This prestigious residence, visible from many places in Nice, thrones at the top of the Boulevard de Cimiez. It has crossed centuries, fulfilling various roles while remaining a landmark in the Cimiez district and the city of Nice.
A bit of history
After the annexation of the County of Nice to France in 1860, the Colline de Cimiez quickly became a safe investment for land. Gradually the agricultural grounds disappeared and luxury properties and hotels emerge from the land. The Riviera, in the eyes of the European aristocracy, is synonymous with a Mediterranean lifestyle; a gentle way of life.
Among this elite, Queen Victoria, to whom it was proposed to build a residence hotel with all the “modern” comforts: electricity, sewage, elevators, central heating and hot water provided by large boilers … The Queen promised to return the following spring to stay in this new hotel built for her.
The palace hotel was designed by the architect Biasini. Another architect, Charles Dalmas, gave a refined style to the building. The hotel was completed in less than 2 years at the beginning of 1897. The name Excelsior Hotel Regina was given by the operating company that administered it at the time.
Queen Victoria kept her promise and stayed at the hotel three times. The First World War put an end to tourism and the Excelsior Hotel Regina was converted into a military hospital. On January 28, 1920 a real estate company bought the hotel and renamed it Hotel Regina. It will not survive as a luxury hotel after the crisis of 1929. In 1937, a new real estate company was created under the name Le Regina condominium and the 400 rooms were converted into 98 apartments.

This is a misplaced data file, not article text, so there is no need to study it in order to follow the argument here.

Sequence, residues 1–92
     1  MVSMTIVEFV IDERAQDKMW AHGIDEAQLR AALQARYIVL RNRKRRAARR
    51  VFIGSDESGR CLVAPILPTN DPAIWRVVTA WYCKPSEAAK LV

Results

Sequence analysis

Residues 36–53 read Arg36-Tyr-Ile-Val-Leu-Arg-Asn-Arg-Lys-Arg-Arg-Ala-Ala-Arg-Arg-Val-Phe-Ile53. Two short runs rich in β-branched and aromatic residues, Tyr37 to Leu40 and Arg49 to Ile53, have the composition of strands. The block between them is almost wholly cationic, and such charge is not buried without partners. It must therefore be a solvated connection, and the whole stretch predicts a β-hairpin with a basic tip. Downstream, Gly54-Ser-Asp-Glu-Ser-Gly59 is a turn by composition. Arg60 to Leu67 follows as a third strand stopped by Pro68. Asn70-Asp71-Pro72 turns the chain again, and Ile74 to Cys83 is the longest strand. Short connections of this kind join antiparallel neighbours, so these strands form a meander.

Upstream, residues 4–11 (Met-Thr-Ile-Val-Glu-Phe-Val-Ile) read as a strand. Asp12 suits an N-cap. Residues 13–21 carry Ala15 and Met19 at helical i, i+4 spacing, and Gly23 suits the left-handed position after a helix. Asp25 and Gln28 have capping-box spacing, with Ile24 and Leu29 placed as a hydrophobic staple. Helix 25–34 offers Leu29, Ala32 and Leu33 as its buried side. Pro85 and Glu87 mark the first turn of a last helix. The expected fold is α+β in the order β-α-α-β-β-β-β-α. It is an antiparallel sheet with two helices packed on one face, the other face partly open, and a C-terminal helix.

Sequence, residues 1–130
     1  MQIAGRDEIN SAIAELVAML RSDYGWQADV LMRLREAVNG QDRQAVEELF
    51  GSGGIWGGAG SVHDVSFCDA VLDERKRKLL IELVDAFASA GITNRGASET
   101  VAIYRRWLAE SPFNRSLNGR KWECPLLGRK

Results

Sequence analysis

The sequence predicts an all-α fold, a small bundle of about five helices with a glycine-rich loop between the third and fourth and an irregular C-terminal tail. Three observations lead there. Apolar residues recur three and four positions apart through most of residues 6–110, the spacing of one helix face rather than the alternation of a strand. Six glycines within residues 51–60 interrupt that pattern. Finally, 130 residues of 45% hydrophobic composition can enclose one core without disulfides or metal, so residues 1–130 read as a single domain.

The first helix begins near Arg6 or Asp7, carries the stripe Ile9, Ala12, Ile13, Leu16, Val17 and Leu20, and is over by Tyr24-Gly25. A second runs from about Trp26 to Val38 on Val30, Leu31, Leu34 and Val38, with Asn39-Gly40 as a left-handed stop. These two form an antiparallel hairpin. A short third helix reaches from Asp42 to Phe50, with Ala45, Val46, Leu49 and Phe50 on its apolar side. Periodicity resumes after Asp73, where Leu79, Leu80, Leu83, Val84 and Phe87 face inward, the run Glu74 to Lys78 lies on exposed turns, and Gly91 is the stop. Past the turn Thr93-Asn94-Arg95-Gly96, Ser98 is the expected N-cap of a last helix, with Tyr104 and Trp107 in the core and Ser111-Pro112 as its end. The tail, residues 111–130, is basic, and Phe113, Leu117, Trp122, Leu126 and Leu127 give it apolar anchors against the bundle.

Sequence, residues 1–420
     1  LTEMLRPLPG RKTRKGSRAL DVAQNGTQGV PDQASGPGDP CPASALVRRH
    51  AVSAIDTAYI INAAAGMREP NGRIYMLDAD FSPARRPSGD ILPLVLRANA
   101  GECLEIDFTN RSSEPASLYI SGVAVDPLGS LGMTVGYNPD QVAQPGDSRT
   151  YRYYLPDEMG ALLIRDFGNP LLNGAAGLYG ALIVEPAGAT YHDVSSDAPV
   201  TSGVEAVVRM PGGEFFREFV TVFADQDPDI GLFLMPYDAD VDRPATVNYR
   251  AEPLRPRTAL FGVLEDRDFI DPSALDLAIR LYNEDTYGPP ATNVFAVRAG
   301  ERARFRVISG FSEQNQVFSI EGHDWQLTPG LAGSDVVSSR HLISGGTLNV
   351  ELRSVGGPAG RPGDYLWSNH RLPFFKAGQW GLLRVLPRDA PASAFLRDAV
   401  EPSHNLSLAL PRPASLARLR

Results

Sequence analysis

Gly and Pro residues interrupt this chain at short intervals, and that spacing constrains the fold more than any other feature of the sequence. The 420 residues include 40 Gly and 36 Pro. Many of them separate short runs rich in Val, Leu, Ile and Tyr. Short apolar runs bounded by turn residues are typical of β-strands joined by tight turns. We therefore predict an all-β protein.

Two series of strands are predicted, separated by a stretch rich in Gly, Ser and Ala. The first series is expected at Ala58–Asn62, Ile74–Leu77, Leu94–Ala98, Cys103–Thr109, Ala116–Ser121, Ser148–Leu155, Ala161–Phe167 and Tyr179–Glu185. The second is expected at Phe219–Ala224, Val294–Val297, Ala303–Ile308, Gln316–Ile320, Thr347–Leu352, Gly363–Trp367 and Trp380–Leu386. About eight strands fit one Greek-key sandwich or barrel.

The construction of the building in two years was a prowess: façade of 150 meters long and 45 meters south-east upon 5 floors (plus a sixth one under the attic) and 6260 m² of surface area!
The architect Francois-Félix Gordolon designed the metal part and drew the forged irons. Gustave Eiffel helped him for the realization of the crown that surmounted the apartments of Queen Victoria.
The architectural ensemble bears the imprint of the Belle Epoque with an accumulation of ornaments. In the district of Cimiez there are many examples of this architecture of the beginning of the 20th century. We can mention the Grand Palais, the Riviera Palace, or the Hermitage.
The private park of 8250m² is located in front of the hotel. This park was created on a ground raised with earth extracted during the digging of the building’s foundation. It is accessible by a marble and wrought metal walkway. At the south entrance of the park, a tall white marble statue by sculptor Louis Maubert represents Queen Victoria.